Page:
You are now 1000 feet (300m) above sea level and Coed Cochion is an old stone barn that hunkers down on the hillside. For your stay at the Dome you can park down in the old quarry just below the wind turbine. The dome is located on a large decked area inside the planting of conifers and is approached by a path accessed through the small gateway off the car park.
Seated in the trees you can see a surprising range of bird life and a special treat is to have a Red Kite hovering just a few feet above your head. In the course of the year we are visited by Nuthatches, Woodpeckers, Blue & Great Tits, Robins & Redstarts, Goldfinches and Thrushes to name a few.
Every year we have have many families of Swallows and House Martins seeking housing around our house and buildings.
Your approach to Redwood Retreat is from Bryntirion Lane about a mile out from the centre of Rhayader. After you shut the gate behind you, look around the shady woodland and breathe in the fresh air. The stone track leads you through the Sessile Oaks some 100 years old and onto the'Triangle'. Follow the track to the left down the slope and as you approach the retreat you will see the wind turbine that provides power for the off grid home of your hosts, Andy & Katherine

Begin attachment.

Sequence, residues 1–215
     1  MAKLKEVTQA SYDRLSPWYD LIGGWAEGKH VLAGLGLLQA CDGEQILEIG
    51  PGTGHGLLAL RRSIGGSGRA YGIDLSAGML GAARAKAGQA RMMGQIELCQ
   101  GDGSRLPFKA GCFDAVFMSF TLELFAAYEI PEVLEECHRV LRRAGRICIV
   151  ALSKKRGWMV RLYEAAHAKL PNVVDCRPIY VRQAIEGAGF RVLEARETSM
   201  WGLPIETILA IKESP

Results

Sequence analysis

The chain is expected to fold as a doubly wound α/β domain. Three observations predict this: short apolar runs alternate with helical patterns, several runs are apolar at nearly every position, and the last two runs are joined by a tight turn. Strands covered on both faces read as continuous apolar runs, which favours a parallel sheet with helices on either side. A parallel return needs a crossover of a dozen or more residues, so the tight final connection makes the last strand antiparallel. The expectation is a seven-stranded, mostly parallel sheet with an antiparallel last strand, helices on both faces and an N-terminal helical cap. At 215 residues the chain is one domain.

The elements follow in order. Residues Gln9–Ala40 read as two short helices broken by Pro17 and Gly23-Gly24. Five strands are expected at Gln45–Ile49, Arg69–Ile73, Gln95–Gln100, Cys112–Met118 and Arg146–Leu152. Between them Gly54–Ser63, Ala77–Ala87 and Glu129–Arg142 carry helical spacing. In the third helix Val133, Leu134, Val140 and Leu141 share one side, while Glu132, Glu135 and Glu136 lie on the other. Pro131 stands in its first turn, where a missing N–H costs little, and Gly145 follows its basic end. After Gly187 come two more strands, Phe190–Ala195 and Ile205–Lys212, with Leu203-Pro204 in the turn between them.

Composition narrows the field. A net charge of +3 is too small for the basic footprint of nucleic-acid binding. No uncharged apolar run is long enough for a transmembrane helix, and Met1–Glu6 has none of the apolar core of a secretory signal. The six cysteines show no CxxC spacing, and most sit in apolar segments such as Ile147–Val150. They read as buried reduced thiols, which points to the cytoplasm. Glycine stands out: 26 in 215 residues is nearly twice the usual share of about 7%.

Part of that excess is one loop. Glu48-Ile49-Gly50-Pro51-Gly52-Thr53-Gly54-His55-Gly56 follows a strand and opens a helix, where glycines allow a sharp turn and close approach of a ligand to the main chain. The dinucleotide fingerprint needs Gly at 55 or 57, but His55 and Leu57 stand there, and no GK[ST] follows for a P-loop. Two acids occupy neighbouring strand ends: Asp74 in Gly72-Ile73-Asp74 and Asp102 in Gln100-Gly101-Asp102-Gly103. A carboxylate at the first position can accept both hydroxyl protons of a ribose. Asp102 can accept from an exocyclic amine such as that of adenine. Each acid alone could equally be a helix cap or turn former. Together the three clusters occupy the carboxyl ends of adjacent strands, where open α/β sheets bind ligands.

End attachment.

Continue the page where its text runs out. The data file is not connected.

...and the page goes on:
Redwood Retreat is only a couple of miles from the Elan Valley which is an International Dark Sky Park and we try not to show unnecessary lights at night. Overhead if the gods are smiling you may be treated to a view of the moon and stars that few people in Britain can ever experience due to urban light pollution.
Across the valley our nearest neighbour will have lambs out in the field in the spring and cows and calves can also bellow across the way.
The peace of the countryside!!
Occasionally a fox can be seen as it sneaks across the landscape which is why our hens have to be penned in at all times.
Squirrels (sadly only grey) can be seen along the hedgerows and in the dusk bats can appear as they seek a snack on insects. In February the snow drops appear to let us know that winter is losing its grip and then with the spring the Daffodils arrive nodding the blousy yellow heads.
Some years, in the depths of winter snow can lay thick on the fields around us and then foot prints of field mice and shrews can be seen.